Tony Ferguson: You know, I'd like to stay at 170 because that's where the tough SOB's are. Everybody wants that 170 spot. When I was at 165 in college, that's where all the toughest guys are at. We're agile, we're strong and we're not the biggest in the world but we're technical and we're quick. We got all of it in one and it's kind of nice to allow people into this 155 and 170 bracket. I'd love to see myself at 170 because people say, "why don't you go down?" and I say, "why don't I just get bigger?"
Pro MMA Radio: Let's talk about your time in the house a bit. You're first fight is Justin Edwards and he's giving you a tough time. Then you get the upkick and end up knocking him out. That was on your birthday. What did you learn from that fight?
Tony Ferguson: Aww man, don't go on your back. I'm an animal on my back too but I hate being on my back. I've only gotten stuck there once or twice in my life. When I was really young and in high school. That sucked, I never wanted that to happen again. I know in jiu-jitsu you have to be calm on your back but that just taught me to be a little more cautious on your feet and don't get taken down. I learned a lot about that and that's how I was able to blast my next two opponents standing after that.
Pro MMA Radio: You brought up Ramsey's comments before the fight and when I saw most of his pre-fight interviews. He was very vocal about not liking you and that he kinda didn't feel right about you from the beginning and that you showed your true colors. It seemed like there was a lot of personal in this fight for him. Did that motivate you and were you surprised by that?
Tony Ferguson: I didn't even worry about it. I didn't look at it honestly. I got comments from other people though. The only thing that got to me was like a little kid would say, "hey I lost respect for you." Something like that would hurt my feelings but if a fighter says it, I don't really care. Like when I used to wrestle in Michigan, I'd go up to the wrestling charts and be like, "hey, I wonder who I have next." My dad would say, "why are you worrying about that? Go do you, go wrestle, quit looking at the charts." So that's what I did. I quit looking at everything else and I brought my game. I knew exactly what he wasn't gonna expect which was my wrestling game. Coaching with Marty, if I hadn't worked hard he would have sent me home. At first I was puking, I was so out of shape I'm not even playing how many times I couldn't hold my breakfast down. Marty knows exactly what he's doing. Brock wouldn't trust him as his coach otherwise. He trusted in me and I trusted in them and I trusted in the program.
Pro MMA Radio: So you made it to the finale and you ended up hooking up with Brock and his team for training. Talk about that experience and getting ready for them and how that all came about.
Tony Ferguson: It was structured man. Those guys were great role models. Lot of people, it wasn't in the city so it wasn't so crazy. I didn't have to worry about viewing parties and my girl ran them for me. She was in downtown Venturas. All the people that meant a lot to me showed up to them but I wasn't there because I was out training and doing what I needed to do. Wake up in the morning, eat train, after work, hike or do whatever and if you were lucky you didn't have to workout that night. These guys were traveling like two hours to come out and kick my butt. You had guys like Nik Lentz, Jacob Volkmann and two time state champs from South Dakota. They came out every day to work with me, it was a family just like the Death Clutch family. Brock took real good care of me and I didn't have to worry about anything for the first time in my life. We did what we had to do to do what was right. I came out with four TKO's out of this whole thing and I guess it's absurd but I'm thinking about what I could do better.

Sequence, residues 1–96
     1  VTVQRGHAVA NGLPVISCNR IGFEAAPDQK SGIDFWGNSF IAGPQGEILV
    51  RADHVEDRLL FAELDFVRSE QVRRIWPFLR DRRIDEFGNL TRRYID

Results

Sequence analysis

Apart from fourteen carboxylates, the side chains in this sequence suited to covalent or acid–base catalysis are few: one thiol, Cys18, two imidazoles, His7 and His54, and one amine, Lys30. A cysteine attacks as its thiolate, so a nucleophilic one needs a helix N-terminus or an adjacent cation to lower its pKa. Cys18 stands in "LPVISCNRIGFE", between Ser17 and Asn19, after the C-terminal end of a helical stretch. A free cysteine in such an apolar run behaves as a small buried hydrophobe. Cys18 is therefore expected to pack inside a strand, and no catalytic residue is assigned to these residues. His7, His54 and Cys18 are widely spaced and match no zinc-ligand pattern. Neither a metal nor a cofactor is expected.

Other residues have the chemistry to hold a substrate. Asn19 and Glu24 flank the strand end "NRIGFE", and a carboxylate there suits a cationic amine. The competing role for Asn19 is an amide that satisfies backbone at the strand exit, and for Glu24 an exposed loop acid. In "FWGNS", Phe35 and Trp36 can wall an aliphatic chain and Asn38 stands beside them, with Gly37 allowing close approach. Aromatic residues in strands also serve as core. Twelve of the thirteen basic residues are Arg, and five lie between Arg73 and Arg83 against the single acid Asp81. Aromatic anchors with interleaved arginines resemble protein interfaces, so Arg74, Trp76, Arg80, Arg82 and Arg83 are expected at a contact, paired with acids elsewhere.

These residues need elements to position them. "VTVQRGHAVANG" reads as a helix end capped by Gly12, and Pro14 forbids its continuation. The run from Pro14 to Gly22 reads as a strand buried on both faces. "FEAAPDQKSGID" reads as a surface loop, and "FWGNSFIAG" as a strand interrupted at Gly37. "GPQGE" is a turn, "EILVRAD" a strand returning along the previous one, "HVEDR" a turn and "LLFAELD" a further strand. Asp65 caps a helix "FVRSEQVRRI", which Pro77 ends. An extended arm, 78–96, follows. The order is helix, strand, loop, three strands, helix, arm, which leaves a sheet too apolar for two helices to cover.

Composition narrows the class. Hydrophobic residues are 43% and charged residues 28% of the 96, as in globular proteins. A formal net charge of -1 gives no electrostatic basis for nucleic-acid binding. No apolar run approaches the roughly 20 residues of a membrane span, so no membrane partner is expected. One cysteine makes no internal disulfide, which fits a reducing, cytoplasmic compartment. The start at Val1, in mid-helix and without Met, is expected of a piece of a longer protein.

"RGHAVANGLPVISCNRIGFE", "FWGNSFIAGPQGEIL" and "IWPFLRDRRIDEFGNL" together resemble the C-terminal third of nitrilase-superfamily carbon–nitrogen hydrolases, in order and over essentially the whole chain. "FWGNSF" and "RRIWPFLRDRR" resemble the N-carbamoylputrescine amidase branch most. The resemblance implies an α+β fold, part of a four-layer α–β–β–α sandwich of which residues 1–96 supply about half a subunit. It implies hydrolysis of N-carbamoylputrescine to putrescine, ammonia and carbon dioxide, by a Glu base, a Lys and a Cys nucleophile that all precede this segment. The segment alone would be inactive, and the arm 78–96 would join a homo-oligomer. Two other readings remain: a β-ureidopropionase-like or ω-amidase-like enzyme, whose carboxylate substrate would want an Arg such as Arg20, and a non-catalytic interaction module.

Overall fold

Pro MMA Radio: It's just one week since you won The Ultimate Fighter. Has it sunk in? What's this week been like for you?
Tony Ferguson: I've been eat a lot of food (laughs). A lot of red meat. I've been kicking it with my girl because I didn't get a chance to spend a lot of time with her this year. It's nice to actually be able go on a date with her now. She makes everything easy. She was my personal secretary making sure everything got taken care of.
Pro MMA Radio: I wanna talk to you about your striking. You seem incredibly comfortable with your striking and a lot of guys with a wrestling background aren't. Did the striking come easy to you? Was it something you picked up right away? Talk about that transition from wrestler to striker for you.
Tony Ferguson: Well I always watched a lot of movies with I was little. I wanted to be that Bruce Lee guy or a kickboxer or boxer. Everyone wanted to be like those karate movies. It started off like that when I was 15 and I bought a speed bag. It actually helped my hand speed for my wrestling with my snap-downs and ankle picks. It gave me a special kind of strength inside my muscles and I liked that. I've accumulated all kinds of things over the years and me and my buddies were just like any other kids growing up. My hands started getting better once I started getting sick of getting hit. I didn't want to take anybody down, I wanted to stand toe to toe, just like the movies. Step and move and popping, knocking a guy down like Muhammad Ali, standing over an opponent going, "holy crap that did just happen." I worked really hard, day in and day out. I put in four hours a day in straight stand up and I'd go to lunch and then go back to grappling.
Pro MMA Radio: Did you know as soon as you landed that shot on Ramsey that it was a winner? Some guys tell me they can't feel it and others say they know right away.
Tony Ferguson: Oh man, it was crazy. I got excited. I jumped up like a million times. I was speeding around. It was just like "Boom!" left hook and I was shifting my feet in enjoyment and then I blasted him once on the ground. That right hand was there for the third punch since it was a three punch combo. It was a two-three and I walked up and it was supposed to be right there for timing and I waited but I just "Boom!" blasted him on the ground. It was just like hitting the mits.
So what do you think Maniacs?
Can Ferguson make an impression in the welterweight division? Or will he join the middle of the pack like the most recent TUF winners?